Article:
Some banks are tricking customers into repaying debts that have prescribed.
The Ombudsman for Banking Services has written off debt and returned more than R1 million to consumers because of this.
Read on to see when a debt prescribes, when the prescription gets interrupted, and what methods banks have been using to trick customers.
In 2021, the Ombud for Banking Services received 118 complaints about banks tricking consumers into repaying debt that should have been written off because it had prescribed. Debts taken out under the National Credit Act (NCA), such as unsecured loans, vehicle loans, overdrafts and credit cards, can prescribe after a certain period of non-payment. This means it has expired, and banks and other credit providers are no longer allowed to collect it.
However, Reana Steyn, the Ombud for Banking Services (OBS), has sounded the alarm about the rise in cases where banks are collecting prescribed debt. She said between January 2021 and July 2022, the OBS received and investigated 193 complaints about this.
After investigations, it found that banks were breaking the prescription laws in 33% of cases brought to the OBS's attention. More than R1 million has since been written off or repaid to customers tricked into paying up.
"In 2022, the OBS has to date received 75 of these matters. In 29% of these cases, banks have again been found to have transgressed the Prescription Act as well as the NCA," said Steyn.
When does a debt prescribe?
The Prescription Act states that contractual and civil debts lapse after three years from the date when they became payable if the consumer didn't pay. The debtor must not have paid or acknowledged that they owe the creditor for three years. Steyn said that the law is there to safeguard consumers against unfair and exploitative practices by creditors.
But there are instances when this period may be delayed or interrupted. This includes a bank's claim for the repayment based on a court judgment. Debts secured by mortgaged bonds are also an exception to the three-year rule. They only prescribe after 30 years of non-payment.
The other critical determinant of whether a debt has prescribed is if it falls within the NCA or not. Debts excluded from the NCA include those owed by the state or organs of state, credit agreements between a juristic person – a business whose asset value or annual turnover exceeds R1 million – and someone with a controlling interest in that business.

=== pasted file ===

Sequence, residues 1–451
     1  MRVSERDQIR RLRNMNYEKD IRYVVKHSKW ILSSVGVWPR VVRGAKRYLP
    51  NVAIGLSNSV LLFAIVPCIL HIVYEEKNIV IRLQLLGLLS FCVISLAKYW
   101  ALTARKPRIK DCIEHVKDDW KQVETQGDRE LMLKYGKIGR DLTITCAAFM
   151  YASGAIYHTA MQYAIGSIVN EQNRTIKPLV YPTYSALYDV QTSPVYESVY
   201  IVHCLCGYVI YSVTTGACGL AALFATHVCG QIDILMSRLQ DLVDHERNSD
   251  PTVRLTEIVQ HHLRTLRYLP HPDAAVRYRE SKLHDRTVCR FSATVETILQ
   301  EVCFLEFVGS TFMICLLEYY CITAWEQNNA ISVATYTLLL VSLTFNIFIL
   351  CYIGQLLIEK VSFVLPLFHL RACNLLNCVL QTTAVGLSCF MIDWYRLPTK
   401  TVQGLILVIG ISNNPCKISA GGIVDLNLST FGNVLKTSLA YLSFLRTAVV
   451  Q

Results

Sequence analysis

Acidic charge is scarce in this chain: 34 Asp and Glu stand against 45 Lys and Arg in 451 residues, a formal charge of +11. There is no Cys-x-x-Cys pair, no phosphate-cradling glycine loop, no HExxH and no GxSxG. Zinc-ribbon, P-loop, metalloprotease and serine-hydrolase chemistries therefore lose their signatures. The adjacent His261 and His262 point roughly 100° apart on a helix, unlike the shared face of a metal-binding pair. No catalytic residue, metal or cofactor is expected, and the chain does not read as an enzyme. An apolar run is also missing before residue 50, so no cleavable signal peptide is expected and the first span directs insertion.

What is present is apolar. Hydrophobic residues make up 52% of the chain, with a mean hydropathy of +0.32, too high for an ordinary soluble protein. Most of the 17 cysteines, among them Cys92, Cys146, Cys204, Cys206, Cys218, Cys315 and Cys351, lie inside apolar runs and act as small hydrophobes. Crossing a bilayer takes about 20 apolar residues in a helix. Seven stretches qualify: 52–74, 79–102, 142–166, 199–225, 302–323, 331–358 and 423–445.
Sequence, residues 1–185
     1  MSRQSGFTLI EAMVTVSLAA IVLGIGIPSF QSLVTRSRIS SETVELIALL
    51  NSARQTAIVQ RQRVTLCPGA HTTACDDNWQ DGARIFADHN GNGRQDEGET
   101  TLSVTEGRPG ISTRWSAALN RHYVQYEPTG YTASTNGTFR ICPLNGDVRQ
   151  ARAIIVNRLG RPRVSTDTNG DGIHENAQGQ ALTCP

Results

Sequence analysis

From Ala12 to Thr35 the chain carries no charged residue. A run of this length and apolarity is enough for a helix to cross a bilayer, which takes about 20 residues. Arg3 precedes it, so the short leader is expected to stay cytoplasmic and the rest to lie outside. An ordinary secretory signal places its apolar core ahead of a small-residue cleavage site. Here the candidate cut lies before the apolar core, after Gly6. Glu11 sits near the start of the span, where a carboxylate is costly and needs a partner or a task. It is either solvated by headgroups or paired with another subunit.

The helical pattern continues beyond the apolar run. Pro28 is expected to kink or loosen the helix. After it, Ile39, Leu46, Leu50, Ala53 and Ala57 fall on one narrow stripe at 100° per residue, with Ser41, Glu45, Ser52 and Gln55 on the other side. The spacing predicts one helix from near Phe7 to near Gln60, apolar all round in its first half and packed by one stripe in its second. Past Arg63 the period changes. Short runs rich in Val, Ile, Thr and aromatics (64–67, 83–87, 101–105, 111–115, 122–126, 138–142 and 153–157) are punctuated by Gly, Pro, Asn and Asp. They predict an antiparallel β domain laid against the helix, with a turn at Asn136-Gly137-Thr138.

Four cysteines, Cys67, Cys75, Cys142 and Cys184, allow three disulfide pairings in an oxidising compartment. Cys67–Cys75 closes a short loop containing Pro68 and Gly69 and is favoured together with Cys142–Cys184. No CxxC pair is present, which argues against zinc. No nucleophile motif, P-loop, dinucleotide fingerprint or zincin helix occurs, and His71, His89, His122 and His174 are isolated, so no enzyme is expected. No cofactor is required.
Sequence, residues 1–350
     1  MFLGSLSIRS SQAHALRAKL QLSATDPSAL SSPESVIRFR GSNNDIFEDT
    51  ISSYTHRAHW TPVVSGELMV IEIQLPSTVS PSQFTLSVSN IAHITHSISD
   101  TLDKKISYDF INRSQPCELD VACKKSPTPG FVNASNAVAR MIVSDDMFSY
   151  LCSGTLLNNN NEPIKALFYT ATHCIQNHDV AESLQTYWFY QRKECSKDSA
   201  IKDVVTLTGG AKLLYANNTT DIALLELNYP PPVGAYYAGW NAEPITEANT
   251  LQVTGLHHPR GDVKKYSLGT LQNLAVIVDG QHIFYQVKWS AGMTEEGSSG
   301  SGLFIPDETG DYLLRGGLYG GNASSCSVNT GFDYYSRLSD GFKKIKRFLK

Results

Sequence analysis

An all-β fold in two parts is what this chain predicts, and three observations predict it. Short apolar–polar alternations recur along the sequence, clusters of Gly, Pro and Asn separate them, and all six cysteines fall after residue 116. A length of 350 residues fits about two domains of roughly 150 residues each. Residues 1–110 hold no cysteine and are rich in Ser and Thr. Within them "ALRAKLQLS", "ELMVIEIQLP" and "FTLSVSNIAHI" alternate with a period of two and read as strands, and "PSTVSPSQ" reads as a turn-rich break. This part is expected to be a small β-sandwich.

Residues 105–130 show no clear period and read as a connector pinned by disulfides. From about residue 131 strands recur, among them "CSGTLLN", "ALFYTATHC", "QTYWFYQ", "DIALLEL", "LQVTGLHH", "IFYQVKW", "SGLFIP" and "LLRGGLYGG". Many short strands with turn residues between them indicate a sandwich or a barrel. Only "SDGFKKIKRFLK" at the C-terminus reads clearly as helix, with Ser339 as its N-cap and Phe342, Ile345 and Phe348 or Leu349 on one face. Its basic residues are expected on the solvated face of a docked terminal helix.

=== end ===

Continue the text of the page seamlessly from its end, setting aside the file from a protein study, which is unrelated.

On debt agreements governed by the NCA, prescription is interrupted if, at any point during the three years after the payment was due, the customer admitted, verbally or in writing, to owing the debt. If the debtor makes any payment towards the said debt within three years or if the creditor issued and served a summons, prescription also gets interrupted.
Steyn said if none of these things happened and a consumer receives a letter of demand from the bank or its lawyers more than three years after the debt repayment was due, they should raise prescription.
"If they continue to demand payment or take any other steps to collect the debt, you should log a complaint with the OBS," said Steyn.
Here are some examples
In one case, a consumer took out a personal loan of R74 687 in December 2016. He made sporadic payments to the bank until 4 January 2019. He never made any other payment after that.
He also did not acknowledge the debt or receive a summons from the bank until 4 February 2022. At that point, the outstanding balance was more than R112 495. The bank alleged that its attorneys called the customer at some point, and he acknowledged the debt in that call.
But upon investigation, the OBS listened to the call recording and found that the customer did not acknowledge the debt. It ruled that the debt had legally prescribed. The bank had to write off the entire debt and issue a paid-up letter to the customer and credit bureaus.
In another case, a customer took out a credit card with a limit of R25 000 in May 2016. He used it until he was in the red, making payments up to R26 305. He only made sporadic payments to the bank. Because of these defaults, the bank handed over the account to its attorneys for collection. In November 2016, he signed a Section 58 Consent to Judgment. He made the last payment to that account in August 2017.
The bank argued that since the customer signed the Consent to Judgment and made a payment in August 2017, he acknowledged his debt. In March 2021, it obtained a court judgment against the customer, and he resumed making payments in August 2021.
But the OBS found that since the customer did not make payments or verbally acknowledge the debt in writing after August 2017, that debt had prescribed in August 2020. The bank was forced to apply to rescind the March 2021 court judgment and refund all the payments the customer made after August 2020.